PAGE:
It isn't uniform.. that doesn't seem too surprising...
Global real-time dose measurements using the Automated Radiation Measurements for Aerospace Safety (ARMAS) system
W. Kent Tobiska, D. Bouwer, D. Smart,M. Shea, J. Bailey, L. Didkovsky, K. Judge,H. Garrett,W. Atwell, B. Gersey, R. Wilkins,D. Rice, R. Schunk, D. Bell, C. Mertens, X. Xu, M. Wiltberger, S. Wiley, E. Teets, B. Jones, S. Hong, K. Yoon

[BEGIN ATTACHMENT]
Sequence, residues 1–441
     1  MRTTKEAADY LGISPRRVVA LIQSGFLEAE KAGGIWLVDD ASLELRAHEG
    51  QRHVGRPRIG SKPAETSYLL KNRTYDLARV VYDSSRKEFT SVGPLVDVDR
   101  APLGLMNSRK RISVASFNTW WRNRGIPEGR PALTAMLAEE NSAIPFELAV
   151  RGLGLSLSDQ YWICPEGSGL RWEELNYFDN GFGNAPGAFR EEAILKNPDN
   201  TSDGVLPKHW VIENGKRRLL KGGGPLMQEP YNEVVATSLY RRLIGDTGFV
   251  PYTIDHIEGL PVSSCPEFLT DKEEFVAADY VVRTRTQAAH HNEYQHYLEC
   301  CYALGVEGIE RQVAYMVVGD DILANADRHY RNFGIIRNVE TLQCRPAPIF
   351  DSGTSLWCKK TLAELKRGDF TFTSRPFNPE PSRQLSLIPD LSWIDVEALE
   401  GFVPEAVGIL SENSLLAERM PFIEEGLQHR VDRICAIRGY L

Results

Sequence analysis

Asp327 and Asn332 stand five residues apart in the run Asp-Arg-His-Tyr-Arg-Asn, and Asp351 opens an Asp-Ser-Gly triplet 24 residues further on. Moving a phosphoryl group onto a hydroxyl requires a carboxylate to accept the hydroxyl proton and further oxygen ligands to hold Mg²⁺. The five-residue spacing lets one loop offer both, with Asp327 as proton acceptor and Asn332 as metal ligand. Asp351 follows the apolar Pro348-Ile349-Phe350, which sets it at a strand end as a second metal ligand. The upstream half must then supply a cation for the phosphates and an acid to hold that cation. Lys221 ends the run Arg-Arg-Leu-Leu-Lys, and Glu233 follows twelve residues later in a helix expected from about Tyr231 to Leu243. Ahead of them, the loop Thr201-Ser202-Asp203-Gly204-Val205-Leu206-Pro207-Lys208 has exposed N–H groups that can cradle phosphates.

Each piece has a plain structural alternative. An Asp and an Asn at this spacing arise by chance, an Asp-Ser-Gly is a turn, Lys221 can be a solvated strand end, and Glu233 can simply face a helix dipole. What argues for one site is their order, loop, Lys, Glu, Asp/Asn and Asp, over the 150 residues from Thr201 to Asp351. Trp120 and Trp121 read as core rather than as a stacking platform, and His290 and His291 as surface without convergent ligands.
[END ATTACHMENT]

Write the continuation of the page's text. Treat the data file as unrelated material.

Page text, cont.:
The Automated Radiation Measurements for Aerospace Safety (ARMAS) program has successfully deployed a fleet of six instruments measuring the ambient radiation environment at commercial aircraft altitudes. ARMAS transmits real-time data to the ground and provides quality, tissue-relevant ambient dose equivalent rates with 5 min latency for dose rates on 213 flights up to 17.3 km (56,700 ft). We show five cases from different aircraft; the source particles are dominated by galactic cosmic rays but include particle fluxes for minor radiation periods and geomagnetically disturbed conditions. The measurements from 2013 to 2016 do not cover a period of time to quantify galactic cosmic rays' dependence on solar cycle variation and their effect on aviation radiation. However, we report on small radiation “clouds” in specific magnetic latitude regions and note that active geomagnetic, variable space weather conditions may sufficiently modify the magnetospheric magnetic field that can enhance the radiation environment, particularly at high altitudes and middle to high latitudes. When there is no significant space weather, high-latitude flights produce a dose rate analogous to a chest X-ray every 12.5 h, every 25 h for midlatitudes, and every 100 h for equatorial latitudes at typical commercial flight altitudes of 37,000 ft (~11 km). The dose rate doubles every 2 km altitude increase, suggesting a radiation event management strategy for pilots or air traffic control; i.e., where event-driven radiation regions can be identified, they can be treated like volcanic ash clouds to achieve radiation safety goals with slightly lower flight altitudes or more equatorial flight paths.